92. There is a dispute, it may well be more academic than real, whether the provisions of s 26(e) of the Act extended to include in assessable income receipts which are not income in ordinary concepts or whether all cases which fell within s 26(e) of the Act would, in any event, be income in ordinary concepts. The general question of the relationship between s 25 of the Act and s 26(e) is the subject of some discussion in my judgment in
First Provincial Building Society Limited v FC of T 95 ATC 4145 at 4152-4153; (1995) 56 FCR 320 at 329-331, with which the Chief Justice and Carr J agreed. It is not necessary to resolve that question here. For there is little doubt that s 26(e) covers, within the ambit of the subject matter with which it deals, a field which would be broader than s 25, assuming that s 26(e) brought into assessable income amounts which were not income in ordinary concepts. Accordingly it suffices in the present case to concentrate, as the submissions made to me did, on s 26(e).

93. The cases in the High Court most often referred to in the context of s 26(e) are
FC of T v Dixon (1952) 10 ATD 82; (1952) 86 CLR 540,
Hayes v FC of T (1956) 11 ATD 68; (1956) 96 CLR 47,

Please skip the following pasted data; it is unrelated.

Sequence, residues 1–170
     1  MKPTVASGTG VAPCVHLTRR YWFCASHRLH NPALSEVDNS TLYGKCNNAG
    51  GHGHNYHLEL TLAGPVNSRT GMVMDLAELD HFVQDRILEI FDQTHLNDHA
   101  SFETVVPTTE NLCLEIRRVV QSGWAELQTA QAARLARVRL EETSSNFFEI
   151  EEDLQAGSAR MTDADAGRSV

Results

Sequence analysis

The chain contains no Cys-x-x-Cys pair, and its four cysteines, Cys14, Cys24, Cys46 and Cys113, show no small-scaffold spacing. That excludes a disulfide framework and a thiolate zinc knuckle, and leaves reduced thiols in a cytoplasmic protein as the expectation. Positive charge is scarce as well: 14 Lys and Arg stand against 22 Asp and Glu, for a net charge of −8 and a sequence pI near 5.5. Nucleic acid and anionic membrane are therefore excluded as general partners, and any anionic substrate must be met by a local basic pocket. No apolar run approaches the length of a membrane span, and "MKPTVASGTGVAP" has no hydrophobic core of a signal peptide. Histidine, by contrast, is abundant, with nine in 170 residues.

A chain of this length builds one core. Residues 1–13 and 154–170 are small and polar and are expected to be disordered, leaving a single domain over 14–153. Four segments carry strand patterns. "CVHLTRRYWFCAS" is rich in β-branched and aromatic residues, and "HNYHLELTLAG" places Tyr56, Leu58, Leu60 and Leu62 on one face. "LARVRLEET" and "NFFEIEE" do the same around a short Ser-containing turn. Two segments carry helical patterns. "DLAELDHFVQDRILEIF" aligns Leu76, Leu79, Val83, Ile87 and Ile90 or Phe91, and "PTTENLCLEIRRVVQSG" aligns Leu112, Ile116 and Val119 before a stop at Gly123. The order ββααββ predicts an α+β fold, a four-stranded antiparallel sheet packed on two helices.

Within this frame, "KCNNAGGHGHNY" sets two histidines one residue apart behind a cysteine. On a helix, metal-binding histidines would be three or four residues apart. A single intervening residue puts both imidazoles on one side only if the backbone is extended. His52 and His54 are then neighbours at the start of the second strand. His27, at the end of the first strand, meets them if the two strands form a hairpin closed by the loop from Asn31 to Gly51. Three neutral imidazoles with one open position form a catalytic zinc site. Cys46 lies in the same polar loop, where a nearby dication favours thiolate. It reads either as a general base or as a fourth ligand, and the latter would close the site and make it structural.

Scott v FC of T (1966) 14 ATD 286; (1966) 117 CLR 514 and
Smith v FC of T 87 ATC 4883; (1987) 164 CLR 513.

94. Dixon concerned what may be described as ``make up pay'' paid by a former employer to a former employee engaged in active military service. The case is more relevant to the matter next to be considered. Dixon CJ and Williams J in that case, who with Fullagar J formed the majority of the Court, with some obvious reluctance held that the amounts in question were assessable income. However, their Honours rejected an argument that s 26(e) applied, despite the fact that the paragraph includes in assessable income amounts that both directly or indirectly relate to employment or services rendered and that the words ``directly or indirectly'' extend the operation of the words ``in relation to'' as they appear in the paragraph. Their Honours said at ATD 84; CLR 553-554: